The May 1 change to banks’ cyber-notification process is fast approaching. As we wrote previously the OCC, FDIC, and Federal Reserve Board implemented a final rule under which banks and their service providers must notify their primary federal regulators within 36 hours of certain incidents.  A notification incident that triggers this requirement is defined as a computer security incident that materially disrupts a banking organization’s operations or lines of business. Thus not all incidents will meet these levels. For those that do, banks will need to be prepared. Part of that is having the right points of contact, which include:
Continue Reading On the Clock: Cyber Incidents Notification Deadline Approaching for Banks

Indiana has made a minor amendment to its data breach notification law. Starting July 1, companies who are obligated to notify under the law must do so (to affected individuals and the Indiana Attorney General) without unreasonable delay, but no later than 45 days after discovery of the breach. This changes the current time frame, which is “without unreasonable delay.” Indiana joins many other states that impose a specific timing requirement, in particular no later than 45 days after determining there has been a breach. For example, Alabama, Maryland, Ohio, and Wisconsin (among several others) all require notice to individuals no later than 45 days from discovery.

Continue Reading Indiana Breach Notification Law Amended, Changes Effective July 1, 2022

President Biden recently signed into law the Cyber Incident Reporting for Critical Infrastructure Act of 2022 as a part of a larger omnibus appropriations bill.  The new law sets out mandatory reporting requirements for critical infrastructure entities in the event of certain cyber incidents and ransomware payments.  Under the Act, once implementing regulations are issued (which are not expected this year) covered entities will be subject to two new reporting requirements:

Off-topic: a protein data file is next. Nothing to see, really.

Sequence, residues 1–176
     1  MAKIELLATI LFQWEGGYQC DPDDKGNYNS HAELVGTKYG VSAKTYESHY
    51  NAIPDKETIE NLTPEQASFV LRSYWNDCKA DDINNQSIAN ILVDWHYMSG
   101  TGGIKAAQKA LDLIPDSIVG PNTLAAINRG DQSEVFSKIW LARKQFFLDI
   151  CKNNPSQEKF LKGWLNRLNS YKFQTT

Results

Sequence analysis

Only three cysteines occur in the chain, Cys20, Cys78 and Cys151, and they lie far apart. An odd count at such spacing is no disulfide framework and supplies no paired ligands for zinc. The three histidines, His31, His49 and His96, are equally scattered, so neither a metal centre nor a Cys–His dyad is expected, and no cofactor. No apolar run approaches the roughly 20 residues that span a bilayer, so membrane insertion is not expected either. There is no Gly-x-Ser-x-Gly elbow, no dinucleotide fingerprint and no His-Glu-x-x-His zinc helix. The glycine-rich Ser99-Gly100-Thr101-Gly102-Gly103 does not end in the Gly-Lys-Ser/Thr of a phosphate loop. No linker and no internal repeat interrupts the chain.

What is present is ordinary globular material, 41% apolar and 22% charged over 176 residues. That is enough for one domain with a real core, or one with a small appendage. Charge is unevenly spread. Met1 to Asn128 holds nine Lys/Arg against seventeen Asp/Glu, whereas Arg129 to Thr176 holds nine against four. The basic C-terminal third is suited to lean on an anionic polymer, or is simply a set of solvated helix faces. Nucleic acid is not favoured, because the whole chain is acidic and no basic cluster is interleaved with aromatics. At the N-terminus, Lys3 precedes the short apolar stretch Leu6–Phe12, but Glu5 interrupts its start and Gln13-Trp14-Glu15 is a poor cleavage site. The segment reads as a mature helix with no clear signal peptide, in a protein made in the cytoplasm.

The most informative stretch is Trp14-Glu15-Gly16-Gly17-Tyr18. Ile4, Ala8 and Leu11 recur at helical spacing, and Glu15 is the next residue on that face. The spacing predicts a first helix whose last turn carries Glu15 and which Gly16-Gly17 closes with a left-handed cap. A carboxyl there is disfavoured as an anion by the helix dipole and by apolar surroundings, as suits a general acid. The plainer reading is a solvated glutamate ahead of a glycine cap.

Continue Reading Cybersecurity Act Signed Into Law Creates New Reporting Obligations

NIST recently released several key deliverables relating to cybersecurity. These focus on secure software development and new consumer labeling programs as contemplated by President Biden’s Executive Order 14028, which seeks to implement multiple new practices to improve the Nation’s cybersecurity.

Continue Reading NIST Releases New Guidance on Software Security and Cybersecurity Consumer Labeling Programs

The National Institute of Standards and Technology (NIST) is seeking comments to improve its Cybersecurity Framework, “Framework for Improving Critical Infrastructure Cybersecurity” (Request for Information available here). The Cybersecurity Framework is a key document providing organizations with standards, guidelines, and best practices to manage cybersecurity risk. With many changes to the cybersecurity landscape since the last update to the Cyber Framework in 2018, NIST hopes to address new threats, capabilities, technologies, and resources. Comments are due by April 25, 2022.

Continue Reading NIST Seeks Comments on Cybersecurity Framework Refresh